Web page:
Tony Gilroy once said that Andor doesn’t use volumetric sets, and while that’s mostly true, this claim was debunked by a panel titled “Behind the Magic: The Visual Effects of Andor” at Star Wars Celebration Europe. Volume was not used in the same way as The Mandalorian, where entire sets are seen on a curved screen, but it was used to create Corsicant outside the Embassy windows of Chandrilan, as well as some space scenes from ships’ cockpits. While used sparingly, the series hasn’t broken Lucasfilm’s streak of using the technology in every Disney+ series to date.
For ILM Visual Effects Supervisor Scott Pritchard, who leads the London and Vancouver teams, using the volume required unlearning many practical filmmaking techniques. Fortunately, he was able to access a test wall in a west London studio in preparation for filming the scenes. But the volume proved much better than a green screen, as the city lights outside cast reflections in the actors’ water glasses and eyes. Even raindrops on the window, which are actually lumps of glycerine, we can refract the light of the virtual city behind the windows.
Because Andor was more grounded in reality than any other Star Wars series, incorporating Coruscant into the story presented unique challenges. The urban planet that has been portrayed in films and animated series is portrayed more as an upscale, glamorous setting. The Barbican Estate in London eventually solved many of the creative challenges, according to visual effects supervisor Mohen Leo. Digital set extensions and overlays have been applied to add Coruscant in the distance, while the real-world buildings of the city give an aesthetic consistent with the Andor series.
Lucasfilm Visual Effects Producer TJ Falls oversaw the logistics for each shoot, being heavily involved in the pre-visualization phase and guiding all the way through post-production. He and Mohen Leo worked together on Rogue One and were intimately familiar with the style that would carry through to Andor. Physical sets and locations were used as much as possible to ground the series in reality. TJ was part of the location scouting team, matching concept art with real-life locations that could be married to each other. For example, the McLaren Technology Center in Surrey was the site of a shipping port. The concept art didn’t have a water feature, but a lake outside the curved windows cast water reflections on the ceiling. Rather than removing them, the art was modified to give the terminal a water feature.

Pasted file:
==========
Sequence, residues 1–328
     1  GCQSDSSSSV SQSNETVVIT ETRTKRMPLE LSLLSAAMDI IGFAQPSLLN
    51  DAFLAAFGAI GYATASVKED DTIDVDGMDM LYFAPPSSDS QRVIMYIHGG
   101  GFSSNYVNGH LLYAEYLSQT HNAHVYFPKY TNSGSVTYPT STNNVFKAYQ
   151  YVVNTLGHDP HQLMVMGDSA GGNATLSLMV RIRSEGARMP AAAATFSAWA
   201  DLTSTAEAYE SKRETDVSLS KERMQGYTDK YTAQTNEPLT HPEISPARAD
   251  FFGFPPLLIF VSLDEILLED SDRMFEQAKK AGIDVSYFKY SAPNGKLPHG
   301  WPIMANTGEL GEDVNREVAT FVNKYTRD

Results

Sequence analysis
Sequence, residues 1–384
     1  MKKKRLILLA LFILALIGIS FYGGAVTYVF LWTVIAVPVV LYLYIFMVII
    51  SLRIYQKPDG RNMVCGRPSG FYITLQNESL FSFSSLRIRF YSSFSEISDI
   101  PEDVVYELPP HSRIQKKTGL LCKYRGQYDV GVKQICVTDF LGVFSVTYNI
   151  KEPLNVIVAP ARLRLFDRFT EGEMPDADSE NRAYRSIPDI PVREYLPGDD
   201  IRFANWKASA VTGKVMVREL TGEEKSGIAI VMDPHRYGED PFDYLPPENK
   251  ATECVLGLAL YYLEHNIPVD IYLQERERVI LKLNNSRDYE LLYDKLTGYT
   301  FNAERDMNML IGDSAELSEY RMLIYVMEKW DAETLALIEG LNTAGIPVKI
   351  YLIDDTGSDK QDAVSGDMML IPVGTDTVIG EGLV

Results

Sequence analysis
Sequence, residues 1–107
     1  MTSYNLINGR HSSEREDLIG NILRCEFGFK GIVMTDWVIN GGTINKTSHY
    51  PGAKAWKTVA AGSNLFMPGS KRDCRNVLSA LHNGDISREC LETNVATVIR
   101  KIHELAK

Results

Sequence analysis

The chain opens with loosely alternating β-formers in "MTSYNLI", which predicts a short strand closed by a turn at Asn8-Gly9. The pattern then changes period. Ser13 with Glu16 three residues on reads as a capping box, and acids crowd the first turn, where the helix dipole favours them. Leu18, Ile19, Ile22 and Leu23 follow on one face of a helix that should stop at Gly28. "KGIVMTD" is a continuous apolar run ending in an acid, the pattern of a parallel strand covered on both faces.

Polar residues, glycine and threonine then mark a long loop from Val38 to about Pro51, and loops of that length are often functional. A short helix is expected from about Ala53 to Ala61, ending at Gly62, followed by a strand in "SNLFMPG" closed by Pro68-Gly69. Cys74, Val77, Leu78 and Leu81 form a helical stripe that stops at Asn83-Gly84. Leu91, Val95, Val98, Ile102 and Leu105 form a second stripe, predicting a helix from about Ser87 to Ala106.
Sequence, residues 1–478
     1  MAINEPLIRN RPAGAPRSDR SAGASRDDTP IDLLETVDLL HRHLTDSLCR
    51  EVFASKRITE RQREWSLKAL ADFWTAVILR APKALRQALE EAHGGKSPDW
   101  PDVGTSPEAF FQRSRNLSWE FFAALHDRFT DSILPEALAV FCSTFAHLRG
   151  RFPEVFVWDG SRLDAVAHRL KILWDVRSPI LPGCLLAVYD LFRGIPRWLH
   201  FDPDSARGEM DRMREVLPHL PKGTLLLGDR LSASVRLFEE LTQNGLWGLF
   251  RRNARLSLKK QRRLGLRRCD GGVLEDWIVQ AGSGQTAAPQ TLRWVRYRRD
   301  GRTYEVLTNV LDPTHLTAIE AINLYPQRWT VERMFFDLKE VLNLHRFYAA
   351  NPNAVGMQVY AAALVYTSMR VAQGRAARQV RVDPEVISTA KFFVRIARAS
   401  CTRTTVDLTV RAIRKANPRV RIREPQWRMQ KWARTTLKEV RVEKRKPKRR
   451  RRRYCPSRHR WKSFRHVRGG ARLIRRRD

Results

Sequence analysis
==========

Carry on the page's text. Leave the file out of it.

Special effects supervisor Richard Van Den Bergh was primarily responsible for safety when it came to practical effects. From blowing up a real train that was hurled down Ferrix’s backlot set to operating a giant gimbal that rocked the set during the meteor shower, Andor presented some unique challenges. The scene he’s most proud of , was the benefit of a longer planning process for the series due to the pandemic. When Cassian Andor escapes from a room full of chains in the first episode, everything came in handy. 379 chains were hung from the ceiling of the sound stage and dropped. It would have taken a long time to reset, so after lots of rehearsals and planning, it was done in just one take.
While bringing Star Wars to life isn’t easy, one of my favorite parts of the panel was learning how the team can draw on the past to create new projects. A digital “boneyard” of artifacts can be extracted, which made designing the Ferrix Shipyard much easier. Of course, they have to consider where they are in the timeline, with Pablo Hidalgo being consulted to ensure they don’t use any part of a ship that isn’t from that era.
The team was very excited about their work on Andor Season 2, but you could tell they’ll be telling stories just as exciting as this one at a future Star Wars Celebration event. Stay tuned for more coverage from Star Wars Celebration Europe.
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